Articles (in reverse chronological order)

Ecosystem services of the forest

A past column discussed how various land uses can negatively impact streams. This column looks at why forests — managed and unmanaged — are important to maintaining a clean and dependable water supply. With concerns of rising population and increasing demand for dependable supplies of clean water in Macon County and in cities that rely on water from the mountains, the importance of forests will certainly only increase.

Land Use and Climate Change

We thought it would be useful to outline what kind of scientific research is performed through the Coweeta Long Term Ecological Research (LTER) program. How population growth, changes in climate, and changes in the way that people use land affect ecosystem services are the main questions that guide research conducted through the Coweeta LTER. Ecosystem services are benefits that the environment provides naturally to humans such as clean drinking water, plants that can be used as medicines, crop pollination, or recreational enjoyment.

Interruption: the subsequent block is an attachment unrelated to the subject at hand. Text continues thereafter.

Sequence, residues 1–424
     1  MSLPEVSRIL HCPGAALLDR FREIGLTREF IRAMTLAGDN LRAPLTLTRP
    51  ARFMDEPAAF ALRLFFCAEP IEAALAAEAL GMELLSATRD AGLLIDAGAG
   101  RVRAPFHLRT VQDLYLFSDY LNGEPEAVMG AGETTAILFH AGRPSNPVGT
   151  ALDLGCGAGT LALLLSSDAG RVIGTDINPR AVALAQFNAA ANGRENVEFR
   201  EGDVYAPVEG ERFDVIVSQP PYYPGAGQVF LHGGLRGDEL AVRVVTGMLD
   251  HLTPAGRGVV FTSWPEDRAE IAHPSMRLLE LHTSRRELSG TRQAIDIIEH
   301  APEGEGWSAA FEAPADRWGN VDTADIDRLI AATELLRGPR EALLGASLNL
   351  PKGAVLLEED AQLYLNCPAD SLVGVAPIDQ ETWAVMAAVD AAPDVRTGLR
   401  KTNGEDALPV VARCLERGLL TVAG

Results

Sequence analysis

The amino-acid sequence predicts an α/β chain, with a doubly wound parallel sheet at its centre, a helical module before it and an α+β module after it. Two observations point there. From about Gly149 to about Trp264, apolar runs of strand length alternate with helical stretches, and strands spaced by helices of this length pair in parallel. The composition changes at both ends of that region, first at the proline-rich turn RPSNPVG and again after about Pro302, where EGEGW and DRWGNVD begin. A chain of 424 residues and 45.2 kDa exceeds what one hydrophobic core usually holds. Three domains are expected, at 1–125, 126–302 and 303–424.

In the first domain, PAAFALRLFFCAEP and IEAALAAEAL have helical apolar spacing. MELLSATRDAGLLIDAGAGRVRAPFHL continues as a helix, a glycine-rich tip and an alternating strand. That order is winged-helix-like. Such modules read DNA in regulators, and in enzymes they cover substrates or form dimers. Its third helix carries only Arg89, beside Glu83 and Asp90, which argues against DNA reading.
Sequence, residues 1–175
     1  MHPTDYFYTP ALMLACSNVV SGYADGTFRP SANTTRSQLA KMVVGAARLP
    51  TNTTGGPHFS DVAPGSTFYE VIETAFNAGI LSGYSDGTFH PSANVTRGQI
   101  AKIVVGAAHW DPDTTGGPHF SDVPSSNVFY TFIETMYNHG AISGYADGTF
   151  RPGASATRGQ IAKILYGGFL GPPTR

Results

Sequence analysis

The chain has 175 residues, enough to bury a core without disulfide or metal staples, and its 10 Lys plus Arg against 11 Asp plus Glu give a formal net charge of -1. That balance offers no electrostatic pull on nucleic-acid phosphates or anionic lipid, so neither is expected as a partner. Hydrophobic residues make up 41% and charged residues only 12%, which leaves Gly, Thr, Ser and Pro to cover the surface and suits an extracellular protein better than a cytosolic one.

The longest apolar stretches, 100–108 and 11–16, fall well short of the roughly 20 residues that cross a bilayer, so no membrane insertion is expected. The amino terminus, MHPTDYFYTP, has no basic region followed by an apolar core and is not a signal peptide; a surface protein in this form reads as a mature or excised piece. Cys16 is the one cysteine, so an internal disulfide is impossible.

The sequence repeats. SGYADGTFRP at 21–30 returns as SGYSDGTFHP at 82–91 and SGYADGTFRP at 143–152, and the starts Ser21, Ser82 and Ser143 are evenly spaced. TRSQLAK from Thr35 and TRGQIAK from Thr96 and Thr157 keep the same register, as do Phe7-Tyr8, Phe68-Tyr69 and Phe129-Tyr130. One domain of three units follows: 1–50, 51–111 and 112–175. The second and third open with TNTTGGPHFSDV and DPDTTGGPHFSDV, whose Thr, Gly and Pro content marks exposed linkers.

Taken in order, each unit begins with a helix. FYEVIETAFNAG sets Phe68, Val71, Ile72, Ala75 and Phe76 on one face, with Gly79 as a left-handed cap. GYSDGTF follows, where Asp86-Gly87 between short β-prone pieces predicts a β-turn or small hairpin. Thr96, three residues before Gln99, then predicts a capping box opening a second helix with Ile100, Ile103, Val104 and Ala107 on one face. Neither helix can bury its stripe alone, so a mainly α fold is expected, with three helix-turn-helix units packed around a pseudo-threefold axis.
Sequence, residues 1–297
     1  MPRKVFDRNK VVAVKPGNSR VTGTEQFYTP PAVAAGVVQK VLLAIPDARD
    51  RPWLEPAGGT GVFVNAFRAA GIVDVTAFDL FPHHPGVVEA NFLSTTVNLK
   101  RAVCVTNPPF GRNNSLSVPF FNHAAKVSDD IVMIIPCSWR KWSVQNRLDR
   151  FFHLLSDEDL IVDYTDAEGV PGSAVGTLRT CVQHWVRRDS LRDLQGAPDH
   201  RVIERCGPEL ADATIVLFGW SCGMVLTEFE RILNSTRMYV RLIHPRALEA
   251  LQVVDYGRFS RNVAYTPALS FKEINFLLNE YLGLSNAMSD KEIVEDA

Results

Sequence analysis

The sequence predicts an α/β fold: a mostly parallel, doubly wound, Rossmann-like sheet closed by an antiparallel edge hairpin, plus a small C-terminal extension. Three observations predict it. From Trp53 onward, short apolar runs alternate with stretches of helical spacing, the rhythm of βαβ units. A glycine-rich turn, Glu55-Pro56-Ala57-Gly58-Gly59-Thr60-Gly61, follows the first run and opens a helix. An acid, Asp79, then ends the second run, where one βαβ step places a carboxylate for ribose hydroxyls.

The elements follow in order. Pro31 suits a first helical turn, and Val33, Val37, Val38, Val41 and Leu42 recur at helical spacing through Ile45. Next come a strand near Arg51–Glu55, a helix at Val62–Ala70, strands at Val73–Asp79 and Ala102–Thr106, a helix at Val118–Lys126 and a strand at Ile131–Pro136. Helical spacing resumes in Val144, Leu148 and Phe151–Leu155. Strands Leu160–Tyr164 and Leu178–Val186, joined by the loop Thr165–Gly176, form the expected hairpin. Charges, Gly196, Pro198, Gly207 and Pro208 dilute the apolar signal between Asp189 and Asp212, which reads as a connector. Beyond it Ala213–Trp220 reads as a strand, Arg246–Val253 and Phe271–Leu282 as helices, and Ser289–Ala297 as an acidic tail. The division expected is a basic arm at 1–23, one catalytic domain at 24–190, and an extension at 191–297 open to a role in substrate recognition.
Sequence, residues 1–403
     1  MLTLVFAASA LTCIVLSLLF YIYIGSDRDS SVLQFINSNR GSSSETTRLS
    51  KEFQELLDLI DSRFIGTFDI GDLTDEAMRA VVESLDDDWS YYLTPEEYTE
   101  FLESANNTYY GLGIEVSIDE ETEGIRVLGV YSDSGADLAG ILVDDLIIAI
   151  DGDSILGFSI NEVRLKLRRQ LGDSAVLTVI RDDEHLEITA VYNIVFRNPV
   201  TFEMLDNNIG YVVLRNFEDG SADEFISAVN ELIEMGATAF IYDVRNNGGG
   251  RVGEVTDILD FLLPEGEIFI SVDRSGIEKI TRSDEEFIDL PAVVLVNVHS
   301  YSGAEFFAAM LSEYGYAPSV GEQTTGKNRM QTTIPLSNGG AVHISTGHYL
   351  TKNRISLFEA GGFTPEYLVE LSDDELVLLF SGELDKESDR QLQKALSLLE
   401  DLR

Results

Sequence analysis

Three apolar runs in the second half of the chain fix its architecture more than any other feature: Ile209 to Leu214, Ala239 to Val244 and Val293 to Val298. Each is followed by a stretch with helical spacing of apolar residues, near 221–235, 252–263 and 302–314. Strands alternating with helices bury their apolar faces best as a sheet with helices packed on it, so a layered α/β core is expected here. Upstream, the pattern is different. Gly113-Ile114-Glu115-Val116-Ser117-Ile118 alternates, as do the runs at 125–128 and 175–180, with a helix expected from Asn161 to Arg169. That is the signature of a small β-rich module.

Decline of the Hemlock, Part 2

The last column discussed the decline of the hemlock and the implications for streams and aquatic wildlife. For anybody who missed it, hemlocks play a critical role in regulating stream flow and temperature, and maintain a unique and diverse assemblage of terrestrial and aquatic life. They are the only evergreen tree in the region that tends to grow in the areas around streams, and their loss will leave a hole in the forest ecosystem that will be difficult to fill with any other species.

Decline of the Hemlock, Part I

Most readers have probably noticed that hemlock trees in the southern Appalachians are losing their needles and dying due to the hemlock woolly adelgid (HWA). The hemlock woolly adelgid is a tiny but devastating insect that has spread throughout the area, decimating the hemlock population. These losses threaten not just the views, but the functioning of the forest ecosystem and water balance of the region.